Texas v. United States creates uncertainty as to whether any or all of the ACA will be struck down, which, in turn, creates operational risk for the entire health care industry, including hospitals. For example, if the ACA were struck down in its entirety, there would be far-reaching effects:

  • Lost Insurance Coverage. Roughly 21 million people could lose their insurance.[14] This includes millions who purchase health insurance through the health care exchanges and millions who are insured as a result of the Medicaid expansion established by the ACA. This, in turn, could negatively affect, among other health care providers, hospitals that, likely, would have many more uninsured and underinsured patients presenting to their emergency rooms for treatment resulting in a rise in uncompensated care and a significant financial strain on hospitals.
  • Heavier Burden for States. States that expanded Medicaid under the ACA would have to decide whether they could afford to continue the expansion without the federal subsidies for Medicaid expansion provided by the ACA. If states walked back their Medicaid expansion, low-income families could lose their Medicaid coverage. An election to maintain expanded Medicaid coverage, could potentially increase state taxes to make up for the federal subsidy shortfall.
  • Insurance Discrimination. Roughly 133 million Americans with pre-existing conditions would lose important protections from insurance discrimination. Without statutory protections, and with the likelihood that many healthier Americans will choose to forgo health insurance altogether, patients with chronic illnesses might not be able to afford insurance due to significant increases in health plan costs. Further, patients with pre-existing conditions could be denied coverage for certain health care services. Again, loss of health coverage could severely impact hospitals and other health care providers because they will be providing more unreimbursed care and their patients will be sicker.[15]
  • Removes Minimum Health Benefits. The ACA established essential health benefits that guarantee a minimum package of important benefits. Without the ACA, the robustness of health benefit plans would diminish and overall population health would be affected.
  • Impact on Native American Communities. The Indian Health Care Improvement Act, which provides the legal basis for the provision of health care to American Indians and Alaska Natives, was made permanent as part of the ACA. Theoretically, this authority would fold with the ACA.[16]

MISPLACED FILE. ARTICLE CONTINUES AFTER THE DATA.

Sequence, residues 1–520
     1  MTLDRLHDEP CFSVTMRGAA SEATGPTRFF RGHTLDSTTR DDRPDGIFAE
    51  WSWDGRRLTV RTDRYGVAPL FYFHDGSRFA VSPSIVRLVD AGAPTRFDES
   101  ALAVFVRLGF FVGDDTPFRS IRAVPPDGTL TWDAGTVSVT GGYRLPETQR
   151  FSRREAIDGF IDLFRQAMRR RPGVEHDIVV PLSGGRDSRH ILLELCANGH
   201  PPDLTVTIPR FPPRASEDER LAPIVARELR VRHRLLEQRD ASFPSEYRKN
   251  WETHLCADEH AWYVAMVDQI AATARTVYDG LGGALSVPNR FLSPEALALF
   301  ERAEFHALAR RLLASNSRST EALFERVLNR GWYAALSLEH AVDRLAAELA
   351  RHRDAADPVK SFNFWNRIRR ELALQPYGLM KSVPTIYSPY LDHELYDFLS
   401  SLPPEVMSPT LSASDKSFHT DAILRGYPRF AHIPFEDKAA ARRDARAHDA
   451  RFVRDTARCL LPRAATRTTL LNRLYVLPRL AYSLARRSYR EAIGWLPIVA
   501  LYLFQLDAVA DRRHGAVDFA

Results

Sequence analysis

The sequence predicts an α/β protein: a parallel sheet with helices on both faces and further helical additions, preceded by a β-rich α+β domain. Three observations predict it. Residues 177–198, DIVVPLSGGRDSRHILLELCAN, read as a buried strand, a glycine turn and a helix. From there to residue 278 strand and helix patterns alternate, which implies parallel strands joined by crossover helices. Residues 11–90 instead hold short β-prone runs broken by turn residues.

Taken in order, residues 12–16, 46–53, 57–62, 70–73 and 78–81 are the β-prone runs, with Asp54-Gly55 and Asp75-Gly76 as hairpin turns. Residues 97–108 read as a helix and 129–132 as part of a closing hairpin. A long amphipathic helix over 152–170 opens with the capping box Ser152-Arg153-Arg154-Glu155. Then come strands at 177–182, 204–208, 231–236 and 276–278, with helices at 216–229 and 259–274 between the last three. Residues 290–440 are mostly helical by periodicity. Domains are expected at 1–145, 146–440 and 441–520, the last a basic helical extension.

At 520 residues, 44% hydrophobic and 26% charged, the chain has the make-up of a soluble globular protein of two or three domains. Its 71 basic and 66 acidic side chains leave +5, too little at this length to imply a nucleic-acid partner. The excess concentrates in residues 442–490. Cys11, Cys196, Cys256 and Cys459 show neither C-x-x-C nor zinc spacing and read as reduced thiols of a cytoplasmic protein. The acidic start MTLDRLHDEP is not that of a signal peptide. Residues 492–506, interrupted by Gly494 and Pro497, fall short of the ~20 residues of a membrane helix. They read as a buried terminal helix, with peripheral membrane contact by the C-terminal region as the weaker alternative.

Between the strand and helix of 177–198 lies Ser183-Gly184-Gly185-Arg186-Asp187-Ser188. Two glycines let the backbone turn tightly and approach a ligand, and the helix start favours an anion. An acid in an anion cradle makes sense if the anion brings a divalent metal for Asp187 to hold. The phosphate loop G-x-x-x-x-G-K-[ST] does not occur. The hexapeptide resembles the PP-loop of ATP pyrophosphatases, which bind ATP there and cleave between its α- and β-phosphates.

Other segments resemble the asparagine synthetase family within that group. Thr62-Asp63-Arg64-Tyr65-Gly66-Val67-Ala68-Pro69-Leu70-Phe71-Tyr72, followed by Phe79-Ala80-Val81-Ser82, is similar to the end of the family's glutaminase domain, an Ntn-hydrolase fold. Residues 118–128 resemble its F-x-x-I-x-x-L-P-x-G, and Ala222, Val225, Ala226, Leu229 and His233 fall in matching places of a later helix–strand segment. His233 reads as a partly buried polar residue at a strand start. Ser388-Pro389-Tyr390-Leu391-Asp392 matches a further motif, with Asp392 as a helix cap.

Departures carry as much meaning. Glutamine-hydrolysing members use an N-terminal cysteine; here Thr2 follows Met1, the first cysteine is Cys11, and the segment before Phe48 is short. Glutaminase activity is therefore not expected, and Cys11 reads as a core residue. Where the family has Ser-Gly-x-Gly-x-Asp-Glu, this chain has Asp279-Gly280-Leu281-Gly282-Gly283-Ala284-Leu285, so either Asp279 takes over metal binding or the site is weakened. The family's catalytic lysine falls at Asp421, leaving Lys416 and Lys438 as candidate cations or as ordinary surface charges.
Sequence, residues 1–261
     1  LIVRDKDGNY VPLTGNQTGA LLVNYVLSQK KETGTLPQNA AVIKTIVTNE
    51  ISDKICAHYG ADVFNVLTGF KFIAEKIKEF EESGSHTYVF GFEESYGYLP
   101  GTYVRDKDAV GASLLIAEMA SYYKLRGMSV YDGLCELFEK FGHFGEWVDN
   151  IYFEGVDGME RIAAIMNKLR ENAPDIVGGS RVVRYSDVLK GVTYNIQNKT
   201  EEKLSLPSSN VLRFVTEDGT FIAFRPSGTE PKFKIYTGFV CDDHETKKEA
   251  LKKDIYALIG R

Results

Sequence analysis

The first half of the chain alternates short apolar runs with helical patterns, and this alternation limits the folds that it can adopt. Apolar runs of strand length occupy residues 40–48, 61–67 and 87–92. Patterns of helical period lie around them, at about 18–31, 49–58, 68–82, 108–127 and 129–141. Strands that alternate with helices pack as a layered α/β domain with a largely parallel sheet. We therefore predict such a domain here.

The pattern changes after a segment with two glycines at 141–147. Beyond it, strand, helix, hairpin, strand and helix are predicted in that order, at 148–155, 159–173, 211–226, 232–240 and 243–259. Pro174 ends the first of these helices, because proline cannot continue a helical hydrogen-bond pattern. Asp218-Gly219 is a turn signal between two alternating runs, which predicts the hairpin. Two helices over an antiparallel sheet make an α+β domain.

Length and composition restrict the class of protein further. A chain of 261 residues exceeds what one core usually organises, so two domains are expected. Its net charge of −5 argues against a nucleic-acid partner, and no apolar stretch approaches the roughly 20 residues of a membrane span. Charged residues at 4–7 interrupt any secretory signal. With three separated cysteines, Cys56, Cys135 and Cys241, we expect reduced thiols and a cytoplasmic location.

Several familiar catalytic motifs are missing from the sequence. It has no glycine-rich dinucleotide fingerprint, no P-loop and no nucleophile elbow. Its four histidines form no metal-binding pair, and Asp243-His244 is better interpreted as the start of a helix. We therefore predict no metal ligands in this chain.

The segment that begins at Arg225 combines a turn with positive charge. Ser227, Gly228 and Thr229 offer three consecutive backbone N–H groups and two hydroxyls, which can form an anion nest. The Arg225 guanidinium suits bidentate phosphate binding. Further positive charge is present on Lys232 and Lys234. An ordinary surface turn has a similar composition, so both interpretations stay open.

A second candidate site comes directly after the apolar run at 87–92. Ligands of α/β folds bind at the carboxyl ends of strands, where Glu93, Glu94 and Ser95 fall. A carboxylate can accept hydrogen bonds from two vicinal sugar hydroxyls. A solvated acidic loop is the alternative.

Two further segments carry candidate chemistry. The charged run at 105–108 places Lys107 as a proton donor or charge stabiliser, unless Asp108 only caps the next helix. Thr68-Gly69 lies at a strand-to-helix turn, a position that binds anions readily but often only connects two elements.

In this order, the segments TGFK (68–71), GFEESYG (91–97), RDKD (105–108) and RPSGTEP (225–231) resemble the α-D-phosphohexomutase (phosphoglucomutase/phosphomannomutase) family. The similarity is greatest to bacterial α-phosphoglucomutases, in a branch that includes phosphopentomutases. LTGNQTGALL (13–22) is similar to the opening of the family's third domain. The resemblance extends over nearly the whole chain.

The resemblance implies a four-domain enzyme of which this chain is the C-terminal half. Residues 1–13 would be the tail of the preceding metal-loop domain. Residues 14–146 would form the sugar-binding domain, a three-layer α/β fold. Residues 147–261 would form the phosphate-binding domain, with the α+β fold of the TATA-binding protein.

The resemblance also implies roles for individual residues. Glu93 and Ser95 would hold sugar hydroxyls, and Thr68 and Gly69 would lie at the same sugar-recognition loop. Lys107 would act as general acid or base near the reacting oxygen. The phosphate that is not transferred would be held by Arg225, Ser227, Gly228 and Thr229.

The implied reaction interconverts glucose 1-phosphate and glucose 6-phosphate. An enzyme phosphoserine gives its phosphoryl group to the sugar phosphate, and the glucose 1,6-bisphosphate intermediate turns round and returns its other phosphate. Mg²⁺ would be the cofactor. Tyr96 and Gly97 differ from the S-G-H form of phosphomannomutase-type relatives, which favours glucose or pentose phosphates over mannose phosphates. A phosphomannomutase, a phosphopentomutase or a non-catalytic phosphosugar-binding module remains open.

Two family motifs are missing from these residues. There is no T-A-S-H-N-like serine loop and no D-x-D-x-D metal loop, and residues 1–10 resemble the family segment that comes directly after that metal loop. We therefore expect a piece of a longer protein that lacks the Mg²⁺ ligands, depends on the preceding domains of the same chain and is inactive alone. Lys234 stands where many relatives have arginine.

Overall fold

• Stifles Innovation. The Center for Medicare and Medicaid Innovation (“CMMI”), which tests innovative health care programs, was created as part of the ACA. Theoretically, the CMMI would go away along with pilot programs and health care delivery models that augment focus on quality and safety in health care delivery.[17]
  • Changes Fraud and Abuse Protections. Fraud and abuse provisions incorporated in the ACA would be affected. For example, the Physician Payments Sunshine Act[18] requires drug and medical products manufacturers to disclose to the Centers for Medicare & Medicaid Services, gifts and payments to physicians and teaching hospitals as well as disclosure of physician ownership or investment interests in manufacturers and group purchasing organizations.
  • Effect on Medicare Trust Fund. The Medicare Hospital Insurance Trust Fund might lose several years of fiscal solvency if the ACA falls.[19]
  • Contract Disruption and Increased Litigation Costs. If the ACA is invalidated, agreements between health care providers and payors could be affected. Many of these agreements allow termination and amendment of contractual relationships if federal law changes. Payors and providers could quickly find themselves litigating insurance coverage disputes to determine whether payors would be required to continue paying for previously authorized and approved long-term treatment plans of patients who lose coverage as a result of ACA invalidation.